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6 Trademark Myths You Have to Stop Telling Yourself in Your Craft Business

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Trademarks. Many people hate them – and I fully understand that. I mean, in a world without trademarks, you could make big bucks on anything and everything. Unfortunately, that’s not the way the world of intellectual property works.

Lately, I’ve seen any number of myths (and excuses!) crafters keep using to justify infringing on trademarks. Today, I’m going to debunk a few of them – once and for all.

6 Trademark Myths You Have to Stop Telling Yourself in Your Craft Business - Silhouette, Cricut, Glowforge -

6 Trademark Myths You Have to Stop Telling Yourself

I’m Too Small to Get Caught

I see crafters use the line of thinking that since they aren’t a registered business or are a single member business that they won’t be caught. Actually, all the major corporations have departments to protect their brand(s) and trademark(s). In the overly connected world we live in, they can (and do!) find individuals selling trademarked products through social media or craft fairs.

I’ll Just Get a Cease & Desist Letter

It’s well known that companies often send out cease and desist letters (C&D notices) as their first line of defense against infringers. Unfortunately, there is nothing that states that companies have to first send out a C&D. They could simply begin legal action against you. Additionally, a copyright/trademark infringement notice filed against you in a marketplace can leave a permanent strike on your record (for example: Etsy).

It’s Fair Use

I see crafters trying to defend their use of trademarks all the time claiming it is Fair Use. Fair Use is a complicated matter, and most uses of another’s trademark do not fall under Fair Use.

It Shouldn’t Be Trademarked

I’ve seen this a lot on popular trademarks like ‘hubby’ and ‘wifey’. Both terms have live trademarks. Despite whether or not you think that the USPTO should have approved the trademark, you still have to respect it and abide by the trademark laws.

I’m a New Seller and Don’t Know Much About Trademarks

I hate to break it to you, but when a company decides to take action against you for trademark infringement they don’t care if it’s your first offense. They don’t care if you’ve been selling for 15 years or 15 minutes. If you are new to selling, I’d recommend you research, research, research trademark issues.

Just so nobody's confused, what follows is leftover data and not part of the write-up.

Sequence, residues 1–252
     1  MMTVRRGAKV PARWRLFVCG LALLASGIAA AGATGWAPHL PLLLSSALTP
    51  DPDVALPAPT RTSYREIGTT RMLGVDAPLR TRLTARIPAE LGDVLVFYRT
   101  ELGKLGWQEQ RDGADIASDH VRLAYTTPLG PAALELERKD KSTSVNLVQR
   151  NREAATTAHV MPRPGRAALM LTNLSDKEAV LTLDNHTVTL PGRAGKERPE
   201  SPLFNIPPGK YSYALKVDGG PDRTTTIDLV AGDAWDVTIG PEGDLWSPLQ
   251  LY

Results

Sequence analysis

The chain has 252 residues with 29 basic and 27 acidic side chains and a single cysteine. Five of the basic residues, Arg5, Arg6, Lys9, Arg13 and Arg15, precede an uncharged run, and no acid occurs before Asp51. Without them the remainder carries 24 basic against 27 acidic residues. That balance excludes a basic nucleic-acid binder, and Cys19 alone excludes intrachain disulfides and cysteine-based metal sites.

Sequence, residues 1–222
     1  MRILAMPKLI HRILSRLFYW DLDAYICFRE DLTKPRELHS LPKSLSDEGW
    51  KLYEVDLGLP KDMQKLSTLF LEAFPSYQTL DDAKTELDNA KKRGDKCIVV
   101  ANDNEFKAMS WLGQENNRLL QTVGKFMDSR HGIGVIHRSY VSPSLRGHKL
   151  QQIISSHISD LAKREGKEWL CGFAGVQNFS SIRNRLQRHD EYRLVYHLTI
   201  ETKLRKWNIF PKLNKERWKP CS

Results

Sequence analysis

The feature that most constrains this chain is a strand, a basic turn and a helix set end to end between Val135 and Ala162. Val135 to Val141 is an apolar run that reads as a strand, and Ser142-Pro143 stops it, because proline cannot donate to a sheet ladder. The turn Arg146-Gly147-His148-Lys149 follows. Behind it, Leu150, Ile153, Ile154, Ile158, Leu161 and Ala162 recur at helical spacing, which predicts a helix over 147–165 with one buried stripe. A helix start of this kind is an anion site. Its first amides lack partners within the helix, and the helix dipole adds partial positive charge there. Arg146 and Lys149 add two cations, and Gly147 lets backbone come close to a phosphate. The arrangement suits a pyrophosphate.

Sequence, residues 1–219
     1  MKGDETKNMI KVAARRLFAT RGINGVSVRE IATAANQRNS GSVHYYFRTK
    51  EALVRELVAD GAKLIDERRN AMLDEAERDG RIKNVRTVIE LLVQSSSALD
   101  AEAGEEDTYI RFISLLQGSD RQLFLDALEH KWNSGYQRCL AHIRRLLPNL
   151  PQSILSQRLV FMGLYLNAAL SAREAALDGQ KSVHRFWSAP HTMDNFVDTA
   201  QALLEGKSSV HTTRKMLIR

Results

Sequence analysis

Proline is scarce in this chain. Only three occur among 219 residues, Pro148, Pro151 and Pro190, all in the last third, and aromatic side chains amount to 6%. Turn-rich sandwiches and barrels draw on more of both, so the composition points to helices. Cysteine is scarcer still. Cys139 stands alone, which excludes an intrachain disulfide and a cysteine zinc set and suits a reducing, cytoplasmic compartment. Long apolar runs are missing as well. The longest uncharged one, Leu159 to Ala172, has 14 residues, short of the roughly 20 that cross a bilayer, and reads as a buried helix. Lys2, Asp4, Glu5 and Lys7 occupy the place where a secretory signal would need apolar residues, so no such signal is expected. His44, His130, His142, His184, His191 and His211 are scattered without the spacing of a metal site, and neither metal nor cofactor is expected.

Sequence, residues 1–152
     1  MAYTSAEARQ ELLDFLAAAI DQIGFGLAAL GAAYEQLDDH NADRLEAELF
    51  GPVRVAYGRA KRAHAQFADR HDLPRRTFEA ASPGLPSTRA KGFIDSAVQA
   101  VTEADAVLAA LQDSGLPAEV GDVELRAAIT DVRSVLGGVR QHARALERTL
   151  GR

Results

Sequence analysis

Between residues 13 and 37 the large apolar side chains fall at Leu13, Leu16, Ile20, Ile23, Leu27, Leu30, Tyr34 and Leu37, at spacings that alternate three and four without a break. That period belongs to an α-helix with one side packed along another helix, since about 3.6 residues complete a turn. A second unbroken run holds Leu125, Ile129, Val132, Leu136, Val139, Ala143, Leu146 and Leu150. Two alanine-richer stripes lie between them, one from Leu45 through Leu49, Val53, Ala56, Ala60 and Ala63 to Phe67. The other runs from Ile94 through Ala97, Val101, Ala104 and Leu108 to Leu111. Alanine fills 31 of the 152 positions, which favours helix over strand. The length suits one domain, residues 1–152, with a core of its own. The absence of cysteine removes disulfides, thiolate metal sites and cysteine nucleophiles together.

It’s for Personal Use Only

While you might think that using a trademark in your personal designs is legal – I just have to remind you that it is not. Whether it’s a Disney cartoon character on a shirt for your next vacation or a trademarked phrase on a wooden sign to gift to a friend – it still isn’t legal. In cases of personal use, just make sure you know the facts. In nearly all cases, a major corporation is not going to come after a private person using their trademark for no monetary gain. Why? It isn’t worth it to the company because there isn’t money to go after.

Need more help with trademarks? I’ve got a whole section on the blog dedicated to them. View it here.

Cindy Conner

Tuesday 11th of June 2019

Thank you for all the great info you give us everyday. I really appreciate it.

Christine, Cutting for Business

Wednesday 3rd of July 2019

My pleasure!


Wednesday 6th of June 2018

Can you please elaborate more on how Etsy views this as a permanent blemish on your shop? Thanks so much for all of your helpful posts.


Monday 24th of September 2018

Etsy has been closed lipped about what it takes for them to shut down your shop. When you have infringements and they contact you/remove listings, a note/button/checkbox is marked on your account.


Wednesday 6th of June 2018

So I have a request. Where does one go to see about getting a license for trade mark from companies. Currently, I only have one license that I can produce without infringement. How or who do I ask in regards to isd's? I look on their website and cannot locate information. I know the isd's should have a trademark for their mascots.

By the way, I love your blogs. They truly help.


Monday 24th of September 2018

Hi Lynda! You'd have to reach out to each trademark holder for information since licensing varies. For large companies, if you send a general inquiry to them asking them to put you in contact with their licensing or legal departments, they usually will.